Form refers to the structural and organizational elements of a work of fiction.
Malamud may be suggesting that literature is a way of organizing our experience into a coherent and meaningful narrative. Anyway, this is one inference we can draw from his statement.
Here are two ideas for looking at form:
Assess the story in terms of parts. Identify a theme developed in each section or part of the book and analyze the relationship of the parts of the story. The questions you will be asking here are: What theme is presented as the novel's central problem in the first section? How does the beginning of the book relate to the middle and to the end?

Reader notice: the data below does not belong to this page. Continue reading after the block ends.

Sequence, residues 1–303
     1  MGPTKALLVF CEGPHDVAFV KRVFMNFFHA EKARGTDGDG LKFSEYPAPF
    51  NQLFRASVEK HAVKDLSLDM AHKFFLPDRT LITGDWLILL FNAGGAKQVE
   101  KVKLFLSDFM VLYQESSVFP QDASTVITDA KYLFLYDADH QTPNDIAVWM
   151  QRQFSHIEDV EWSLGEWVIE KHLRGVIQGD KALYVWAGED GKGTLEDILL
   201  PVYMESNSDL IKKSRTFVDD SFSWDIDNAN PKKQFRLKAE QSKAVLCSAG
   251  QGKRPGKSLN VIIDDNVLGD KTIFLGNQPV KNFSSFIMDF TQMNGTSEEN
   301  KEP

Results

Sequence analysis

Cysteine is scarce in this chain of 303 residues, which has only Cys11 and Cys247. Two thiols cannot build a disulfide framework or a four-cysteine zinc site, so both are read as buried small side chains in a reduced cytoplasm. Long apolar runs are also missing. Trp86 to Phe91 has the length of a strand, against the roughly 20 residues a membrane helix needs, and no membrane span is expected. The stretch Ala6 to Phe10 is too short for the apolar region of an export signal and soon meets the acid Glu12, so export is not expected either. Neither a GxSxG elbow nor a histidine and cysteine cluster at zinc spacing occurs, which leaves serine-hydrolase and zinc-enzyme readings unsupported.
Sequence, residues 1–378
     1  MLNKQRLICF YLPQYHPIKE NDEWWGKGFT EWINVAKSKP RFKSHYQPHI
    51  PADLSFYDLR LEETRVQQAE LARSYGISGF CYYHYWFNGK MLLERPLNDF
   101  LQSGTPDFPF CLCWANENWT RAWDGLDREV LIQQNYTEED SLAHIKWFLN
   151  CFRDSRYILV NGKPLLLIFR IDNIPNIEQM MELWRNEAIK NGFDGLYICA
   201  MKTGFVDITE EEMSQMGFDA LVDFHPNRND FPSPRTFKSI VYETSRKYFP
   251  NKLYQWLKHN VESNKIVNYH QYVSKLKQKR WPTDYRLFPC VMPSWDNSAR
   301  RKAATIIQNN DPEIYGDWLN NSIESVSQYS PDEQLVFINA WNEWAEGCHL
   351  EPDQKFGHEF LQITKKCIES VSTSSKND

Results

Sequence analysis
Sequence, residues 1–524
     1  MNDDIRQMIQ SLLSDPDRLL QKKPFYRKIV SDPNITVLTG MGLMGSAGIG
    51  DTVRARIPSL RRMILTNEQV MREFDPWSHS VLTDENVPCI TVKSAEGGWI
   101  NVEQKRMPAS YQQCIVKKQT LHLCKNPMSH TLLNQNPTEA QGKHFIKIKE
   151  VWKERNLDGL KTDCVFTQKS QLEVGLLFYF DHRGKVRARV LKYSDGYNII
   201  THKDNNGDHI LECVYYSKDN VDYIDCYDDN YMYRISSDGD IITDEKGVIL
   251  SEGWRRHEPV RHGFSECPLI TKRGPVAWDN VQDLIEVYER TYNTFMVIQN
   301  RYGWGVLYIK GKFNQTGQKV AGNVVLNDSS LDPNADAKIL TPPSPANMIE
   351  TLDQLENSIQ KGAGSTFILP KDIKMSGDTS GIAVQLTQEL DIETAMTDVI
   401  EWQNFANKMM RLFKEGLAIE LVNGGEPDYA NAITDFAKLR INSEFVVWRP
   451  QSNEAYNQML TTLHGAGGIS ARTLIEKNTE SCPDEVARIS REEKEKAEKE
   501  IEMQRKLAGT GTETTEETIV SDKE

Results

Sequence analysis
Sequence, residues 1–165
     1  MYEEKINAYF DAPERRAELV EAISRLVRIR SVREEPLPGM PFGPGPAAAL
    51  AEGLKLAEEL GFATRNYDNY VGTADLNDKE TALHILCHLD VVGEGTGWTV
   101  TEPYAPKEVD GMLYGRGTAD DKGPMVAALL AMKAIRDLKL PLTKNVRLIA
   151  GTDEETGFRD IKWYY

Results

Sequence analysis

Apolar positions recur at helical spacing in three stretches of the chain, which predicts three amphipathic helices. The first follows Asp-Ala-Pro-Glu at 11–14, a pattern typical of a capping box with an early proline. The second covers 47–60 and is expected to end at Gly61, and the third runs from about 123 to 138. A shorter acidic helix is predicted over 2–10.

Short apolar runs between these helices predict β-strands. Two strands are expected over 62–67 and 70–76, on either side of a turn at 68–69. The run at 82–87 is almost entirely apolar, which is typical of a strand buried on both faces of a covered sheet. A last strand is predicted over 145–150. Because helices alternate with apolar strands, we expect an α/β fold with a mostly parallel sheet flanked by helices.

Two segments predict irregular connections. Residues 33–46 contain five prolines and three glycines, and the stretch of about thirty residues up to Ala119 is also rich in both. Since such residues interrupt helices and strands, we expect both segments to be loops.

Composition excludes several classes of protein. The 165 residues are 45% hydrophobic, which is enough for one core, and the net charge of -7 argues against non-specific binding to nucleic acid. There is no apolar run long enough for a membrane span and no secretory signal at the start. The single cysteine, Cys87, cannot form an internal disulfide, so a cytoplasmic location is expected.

Look at the WHO and the WHERE of his characters. In Malamud's work, characters are sometimes representative of a single idea - innocent suffering, political indifference, etc. - and the placement of the characters in the story corresponds to the development of the work's central ideas. A brief chart could help you with this analysis, asking: What idea defines each character? How do these ideas relate to the action of the story? How do these ideas fit with the theme of the section in which the character appears?